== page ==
Op/Ed: Tim Horton’s question percolates through Nelson council candidates
“We don’t have a Timmy’s in Nelson” I told the guy pouring my double-single behind the counter, “and my friend here had me up at the crack of dawn to get down here.”
“Well there’s one coming ‘atcha soon” he replied.
A few minutes later the same gentleman came over to our table to elaborate.
“I’m the owner of this place” he said, and told us how the company hoped to be on its way to opening a Tim Horton’s in Nelson within a year, and some of the sites they were considering.
“Well that’s interesting” I thought, especially considering that it’s election time.
So I sent out a question to City Council and Mayoral candidates asking for their thoughts on a Tim Horton’s opening in town.
Here’s what I received in return:
Anna Purcell is against the idea.
“I’m in favor of retaining our excellent and increasingly rare independent business culture” she said, “and would vote against, for example, amending any existing regulations that prohibit drive throughs.”
Jeff Shecter thinks it is a good idea.
“I’m not against anyone who wants to invest in Nelson and create employment” he said.
Charles Jeanes was enthusiastic about choice.
“I am absolutely opposed to the dictates by a cultural ‘elite’ of what franchise chains will be allowed in ‘our uniquely-special, higher-consciousness Nelson’ — when they have no idea what other people (who are not like them) enjoy and want access to” he said.
“A visit to the popular food court at the Mall or A&W in the morning might open the eyes of the holier-than-thou crowd to the narrowness of their minds and the suffocation of the rest of us by the tyranny of correctness.”
Both Robin Cherbo and John Dooley did not offer an opinion, saying they were not aware of any current application.
“I don’t think we need Tim’s.” said Deb Kozak.
“Nelson has a lot of great coffee shops, tea shops, cafes, restaurants and has a reputation as a community that encourages entrepreneurs. I also think that the people who work in our coffee shops dress as they like, earn better wages and create a vibe. All of this attracts interest, creates energy and brings people to our community. Those are good things.”
“I know it’s become a staple in many places and it’s not my business to judge what people like,” she added.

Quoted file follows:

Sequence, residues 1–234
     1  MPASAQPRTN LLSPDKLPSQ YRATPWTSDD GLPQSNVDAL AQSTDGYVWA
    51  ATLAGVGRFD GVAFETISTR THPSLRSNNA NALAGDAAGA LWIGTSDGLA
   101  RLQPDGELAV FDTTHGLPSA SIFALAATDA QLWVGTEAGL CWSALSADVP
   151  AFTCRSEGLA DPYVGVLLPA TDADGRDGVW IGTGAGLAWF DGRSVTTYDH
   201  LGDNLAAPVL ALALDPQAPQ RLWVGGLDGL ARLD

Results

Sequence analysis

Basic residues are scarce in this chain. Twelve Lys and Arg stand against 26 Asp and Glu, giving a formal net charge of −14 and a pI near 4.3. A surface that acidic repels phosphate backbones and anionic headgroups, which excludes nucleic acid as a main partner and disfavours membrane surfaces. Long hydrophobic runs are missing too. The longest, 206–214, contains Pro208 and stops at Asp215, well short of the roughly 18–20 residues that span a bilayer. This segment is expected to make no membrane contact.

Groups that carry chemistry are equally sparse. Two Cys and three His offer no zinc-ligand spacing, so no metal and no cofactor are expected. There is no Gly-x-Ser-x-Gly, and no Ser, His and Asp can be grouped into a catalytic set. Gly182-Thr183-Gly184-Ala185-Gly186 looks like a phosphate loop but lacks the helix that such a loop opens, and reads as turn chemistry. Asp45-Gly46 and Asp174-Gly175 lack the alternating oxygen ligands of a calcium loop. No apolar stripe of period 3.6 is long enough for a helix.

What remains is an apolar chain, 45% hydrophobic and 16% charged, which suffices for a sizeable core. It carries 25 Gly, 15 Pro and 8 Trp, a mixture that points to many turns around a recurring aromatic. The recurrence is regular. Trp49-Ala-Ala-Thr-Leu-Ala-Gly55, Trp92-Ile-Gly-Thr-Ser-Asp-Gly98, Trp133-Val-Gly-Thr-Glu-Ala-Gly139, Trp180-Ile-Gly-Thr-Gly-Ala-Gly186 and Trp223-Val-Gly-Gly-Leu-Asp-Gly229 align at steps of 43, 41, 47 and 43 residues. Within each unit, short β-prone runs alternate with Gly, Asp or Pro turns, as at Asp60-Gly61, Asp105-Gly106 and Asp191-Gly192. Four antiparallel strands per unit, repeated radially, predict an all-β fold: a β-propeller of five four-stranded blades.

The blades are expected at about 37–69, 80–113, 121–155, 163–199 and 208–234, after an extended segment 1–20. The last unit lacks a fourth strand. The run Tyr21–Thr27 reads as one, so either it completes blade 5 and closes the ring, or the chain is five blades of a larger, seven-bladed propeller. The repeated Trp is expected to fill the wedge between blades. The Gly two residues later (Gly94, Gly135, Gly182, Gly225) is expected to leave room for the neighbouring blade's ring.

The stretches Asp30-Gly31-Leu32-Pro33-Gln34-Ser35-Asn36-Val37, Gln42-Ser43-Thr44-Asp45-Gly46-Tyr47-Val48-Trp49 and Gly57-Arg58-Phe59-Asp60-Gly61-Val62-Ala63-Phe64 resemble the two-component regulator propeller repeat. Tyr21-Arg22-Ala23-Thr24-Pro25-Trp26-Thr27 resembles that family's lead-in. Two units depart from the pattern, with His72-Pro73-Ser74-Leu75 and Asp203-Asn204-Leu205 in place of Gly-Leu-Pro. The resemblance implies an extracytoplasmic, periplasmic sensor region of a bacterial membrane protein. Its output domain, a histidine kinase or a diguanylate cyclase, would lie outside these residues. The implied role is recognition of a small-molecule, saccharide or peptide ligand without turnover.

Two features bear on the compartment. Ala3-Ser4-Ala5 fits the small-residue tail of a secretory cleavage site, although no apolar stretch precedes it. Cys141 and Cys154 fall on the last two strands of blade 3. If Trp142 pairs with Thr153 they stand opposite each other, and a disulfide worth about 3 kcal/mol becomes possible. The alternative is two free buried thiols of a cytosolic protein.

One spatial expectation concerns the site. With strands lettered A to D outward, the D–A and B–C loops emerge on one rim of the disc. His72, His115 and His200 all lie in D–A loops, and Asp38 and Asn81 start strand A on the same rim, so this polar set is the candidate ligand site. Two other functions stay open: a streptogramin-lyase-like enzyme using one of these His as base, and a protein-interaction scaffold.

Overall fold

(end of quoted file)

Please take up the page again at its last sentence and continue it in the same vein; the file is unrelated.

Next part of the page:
Jason Peil is solidly against.
“Nelson’s small independent business community- which includes a number of coffee shops – pay a lot of taxes. We could close three shops by bringing in a single chain store. Do we want to be Castlegar? Each town is unique. Let’s not give up our independence”
Bob Adams likes the idea “. . . although it would be rather difficult at this time unless they had a stand-alone store with no drive thru as our bylaws do not allow drive thru stores.”
John Paolozzi is emphatically opposed, and even had a draft blog post on the subject crafted within minutes of receiving the question.
“All you have to do to know that this is not right for Nelson is read any of the travel pieces written about this community,” he said.
“All of them talk about how unique Nelson is. Some even going so far as to note how few chains there are. Bring a chain in, and you spoil that. If we want a doughnut shop (and I do personally), it should be locally owned and operated.”
Michael Dailly said that he supports sustainable/local food systems including coffee shops and was clear that “this would not include Tim Horton’s”.
Valerie Warmington is ‘personally opposed’ but added “if elected to Council I would need more community and other input before confirming a position.”
“Based on what I understand currently, the few low-paying jobs that this large (soon to be foreign-owned) chain might contribute to our community would not offset the franchise-related flow of revenues out of Nelson, or the threat the franchise represents to our unique, locally-owned cafes and restaurants which further support our community by offering locally-produced goods.”
So does local government work to craft and protect City character or should it prioritize all kinds of economic development?
It seems to be a question inciting opinions as diverse as Nelson’s coffee scene.
Bruce Edson, host of The EcoCentric heard on the Kootenay Co-op Radio, occasionally writes for The Nelson Daily.